posted by chef_boyardee at 11:11 PM on May 26


I think you misread: not your activity, your digestive system's activity.
posted by joannemerriam at 8:51 PM on May 26, 2007


I use a personal trainer, and the plan he drew up for me based on my body composition and habits, and activity level. It broke down with

I) Breakfast
II) AM Snack
III) Lunch
IV) PM Snack
V) Supper

Lunch and supper are full meals, and breakfast and the snacks tend to be two servings of starch and some fruit. Lunch and supper have lots of veggies, a bit of starch and some lean meat.

I find if I deviate from the plan much, I eat much more food overall and tend to attack my meals much harder. I would guess that the hunger you get when you finally break out of your fasting mode is pretty intense - which probably leads you to bad food choices; such as hitting the drive through, or lesser evils like carbs in evening (or at least it does me).

The frequent healthy snacks also means that on certain days I just pick at my bigger meals (it is okay to eat if you are hungry) - I think it has decreased my appetite overall. I have taken off 5 very stubborn pounds in the last couple of weeks, even though I injured my wrist and excercised with less intensity.

I don't know the science, but I believe it works if you are making good food choices and keeping your dietary sugars balanced.

So while I have consulted a professional, I could be talking completely out of my ass - I am voting for the orthodox method.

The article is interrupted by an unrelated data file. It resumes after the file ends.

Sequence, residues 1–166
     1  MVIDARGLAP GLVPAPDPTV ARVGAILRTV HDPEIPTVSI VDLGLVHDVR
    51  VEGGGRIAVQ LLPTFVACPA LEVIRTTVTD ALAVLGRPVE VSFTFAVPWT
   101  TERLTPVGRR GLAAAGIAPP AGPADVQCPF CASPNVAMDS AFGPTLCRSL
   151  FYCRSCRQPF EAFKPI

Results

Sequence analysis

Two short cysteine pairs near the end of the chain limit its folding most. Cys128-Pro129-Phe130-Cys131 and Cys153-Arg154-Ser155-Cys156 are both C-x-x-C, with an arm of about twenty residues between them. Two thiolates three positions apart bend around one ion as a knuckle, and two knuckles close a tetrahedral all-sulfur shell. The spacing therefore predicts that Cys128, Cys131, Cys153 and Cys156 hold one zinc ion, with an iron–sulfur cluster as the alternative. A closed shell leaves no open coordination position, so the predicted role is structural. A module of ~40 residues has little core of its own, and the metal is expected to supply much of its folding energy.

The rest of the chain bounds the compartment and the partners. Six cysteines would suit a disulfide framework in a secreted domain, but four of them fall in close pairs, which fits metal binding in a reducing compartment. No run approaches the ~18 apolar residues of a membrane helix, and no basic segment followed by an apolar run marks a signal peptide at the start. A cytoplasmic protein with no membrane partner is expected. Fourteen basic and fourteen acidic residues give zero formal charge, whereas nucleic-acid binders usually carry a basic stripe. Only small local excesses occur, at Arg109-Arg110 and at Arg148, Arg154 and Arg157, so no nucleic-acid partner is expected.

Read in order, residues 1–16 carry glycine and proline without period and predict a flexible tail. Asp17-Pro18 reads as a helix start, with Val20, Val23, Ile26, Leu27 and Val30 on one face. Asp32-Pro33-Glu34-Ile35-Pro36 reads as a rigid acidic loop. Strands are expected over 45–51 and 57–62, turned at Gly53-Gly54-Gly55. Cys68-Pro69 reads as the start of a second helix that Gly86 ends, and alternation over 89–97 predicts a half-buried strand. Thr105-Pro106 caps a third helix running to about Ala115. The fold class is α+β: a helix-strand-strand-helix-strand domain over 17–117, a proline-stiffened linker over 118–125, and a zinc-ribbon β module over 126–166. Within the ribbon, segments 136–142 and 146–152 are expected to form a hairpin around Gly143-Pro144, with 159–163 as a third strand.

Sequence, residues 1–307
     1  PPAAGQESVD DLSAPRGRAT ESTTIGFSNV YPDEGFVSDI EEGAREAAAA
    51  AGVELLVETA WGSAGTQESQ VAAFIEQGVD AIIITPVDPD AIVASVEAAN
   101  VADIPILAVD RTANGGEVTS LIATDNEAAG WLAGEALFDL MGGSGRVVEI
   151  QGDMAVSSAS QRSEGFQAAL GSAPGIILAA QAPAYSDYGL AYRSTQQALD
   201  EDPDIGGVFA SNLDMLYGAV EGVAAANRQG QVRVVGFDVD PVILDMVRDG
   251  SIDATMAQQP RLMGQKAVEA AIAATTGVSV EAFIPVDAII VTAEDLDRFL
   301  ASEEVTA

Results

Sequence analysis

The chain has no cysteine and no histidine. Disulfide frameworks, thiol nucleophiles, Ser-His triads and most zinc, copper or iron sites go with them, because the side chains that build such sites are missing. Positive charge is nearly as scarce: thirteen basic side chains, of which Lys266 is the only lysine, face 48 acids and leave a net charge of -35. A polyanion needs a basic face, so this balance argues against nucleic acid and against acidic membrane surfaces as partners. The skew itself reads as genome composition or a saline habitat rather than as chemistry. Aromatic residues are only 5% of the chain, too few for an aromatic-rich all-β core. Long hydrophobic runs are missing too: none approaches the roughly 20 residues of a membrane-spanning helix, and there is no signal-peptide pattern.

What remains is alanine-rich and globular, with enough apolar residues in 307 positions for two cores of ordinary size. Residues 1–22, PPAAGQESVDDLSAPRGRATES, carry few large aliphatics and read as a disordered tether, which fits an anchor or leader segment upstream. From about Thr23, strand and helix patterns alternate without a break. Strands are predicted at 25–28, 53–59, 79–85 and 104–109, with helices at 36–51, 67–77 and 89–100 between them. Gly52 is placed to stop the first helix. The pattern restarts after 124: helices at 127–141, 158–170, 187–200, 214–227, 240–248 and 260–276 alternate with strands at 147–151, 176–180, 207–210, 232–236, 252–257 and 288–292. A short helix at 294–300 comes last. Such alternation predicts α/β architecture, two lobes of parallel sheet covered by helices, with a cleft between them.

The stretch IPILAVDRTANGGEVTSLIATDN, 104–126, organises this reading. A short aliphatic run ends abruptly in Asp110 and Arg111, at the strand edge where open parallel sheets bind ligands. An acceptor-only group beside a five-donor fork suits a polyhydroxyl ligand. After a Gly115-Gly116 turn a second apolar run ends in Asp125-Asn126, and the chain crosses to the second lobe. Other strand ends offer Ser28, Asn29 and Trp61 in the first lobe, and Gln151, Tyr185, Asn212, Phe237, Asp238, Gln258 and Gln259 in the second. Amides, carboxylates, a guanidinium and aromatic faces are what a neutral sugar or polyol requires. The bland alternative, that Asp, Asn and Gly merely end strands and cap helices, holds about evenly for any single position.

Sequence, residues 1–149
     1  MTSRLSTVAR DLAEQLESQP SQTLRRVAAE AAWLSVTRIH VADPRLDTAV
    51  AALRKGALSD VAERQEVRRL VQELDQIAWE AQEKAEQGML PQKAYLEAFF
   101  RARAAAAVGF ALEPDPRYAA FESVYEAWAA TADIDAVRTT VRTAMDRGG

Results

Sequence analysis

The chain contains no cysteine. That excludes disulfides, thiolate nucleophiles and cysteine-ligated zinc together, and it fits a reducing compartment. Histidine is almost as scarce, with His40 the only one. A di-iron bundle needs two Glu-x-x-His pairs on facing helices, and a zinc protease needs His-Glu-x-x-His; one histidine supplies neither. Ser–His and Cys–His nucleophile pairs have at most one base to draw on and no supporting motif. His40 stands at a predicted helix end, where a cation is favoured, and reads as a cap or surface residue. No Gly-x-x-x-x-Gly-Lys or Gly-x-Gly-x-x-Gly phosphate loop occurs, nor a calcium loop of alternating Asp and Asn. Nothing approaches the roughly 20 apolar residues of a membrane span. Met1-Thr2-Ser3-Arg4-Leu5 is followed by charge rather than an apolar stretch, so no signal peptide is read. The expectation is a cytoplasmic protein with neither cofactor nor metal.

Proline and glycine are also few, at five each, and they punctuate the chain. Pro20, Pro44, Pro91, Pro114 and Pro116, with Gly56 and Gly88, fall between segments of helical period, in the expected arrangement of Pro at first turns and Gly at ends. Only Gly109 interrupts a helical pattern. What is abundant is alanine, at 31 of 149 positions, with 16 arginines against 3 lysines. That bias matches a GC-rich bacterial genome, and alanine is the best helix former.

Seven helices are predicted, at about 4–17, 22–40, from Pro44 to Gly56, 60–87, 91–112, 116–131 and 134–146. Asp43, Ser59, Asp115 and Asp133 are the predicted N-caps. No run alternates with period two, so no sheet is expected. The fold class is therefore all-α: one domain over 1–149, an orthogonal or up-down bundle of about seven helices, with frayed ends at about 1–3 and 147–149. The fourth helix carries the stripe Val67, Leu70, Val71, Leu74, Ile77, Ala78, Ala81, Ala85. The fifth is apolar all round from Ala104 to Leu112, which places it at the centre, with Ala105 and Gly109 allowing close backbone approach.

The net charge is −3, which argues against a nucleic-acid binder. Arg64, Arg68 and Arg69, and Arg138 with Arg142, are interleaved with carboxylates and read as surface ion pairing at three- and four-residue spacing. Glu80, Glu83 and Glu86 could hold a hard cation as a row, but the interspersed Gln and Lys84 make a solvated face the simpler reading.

posted by Deep Dish at 9:41 PM on May 26, 2007



This morning I woke up at 9 am, and didn't eat or drink anything until 4 pm


I used to do this pretty much most of my life until a few years ago. Long story short - I think this really messed me up. I dont know the specifics, but doing this on a daily basis cannot be healthy. Its also an easy way to convert your muscle into fat and screw with your blood sugar.

FWIW, I was a bit shocked at how often normal people eat, but I got used to it.
posted by damn dirty ape at 10:47 PM on May 26, 2007


um, water and 2 cookies a day is not healthy for anyone. you may be able to do it a few times intermittently but if you tried this on a daily basis, you will be screwing with your metabolism and your health. there are ppl who can (barely) sustain themselves on water and 2 cookies a day as a regular thing. they're called anorexics but eventually their bodies give out.

sheez. when will ppl realize that there's no shortcut to losing weight and being healthy? no. shortcuts. none. barring some sort of actual physiological problem, if you want to lose weight then you need self-discipline. eat healthy. exercise. don't think you can wrangle some sort of real advantage from drinking water and eating 2 cookies a day.
posted by violetk at 12:09 AM on May 27, 2007


chef, -harlequin-'s comment is backed by just about everyone in the health, nutrition, and fitness professions.

Deep Dish's diet plan is also widely respected and practiced.
posted by lekvar at 1:10 AM on May 27, 2007


For the past several months I've tended to not bother with breakfast and often forget to eat through the day, eventually starting to feel a bit shaky, and finally eating something. My weight has varied less than five pounds over this time, but I feel a bit flabbier, and I tend to get a fair bit of exercise. I wouldn't recommend this as a diet strategy.
posted by yohko at 8:21 AM on May 27, 2007


A common refrain among people who have just started something like Weight Watchers is that they are suprised by how much MORE they feel like they are eating. For a variety of chemical and hormonal reasons, it is easier to lose (or maintain) weight when you eat three meals a day of healthy food than when you eat small amounts of unhealthy food.

Lack of hunger does not mean your body doesn't need food.
posted by lunasol at 12:43 PM on May 27, 2007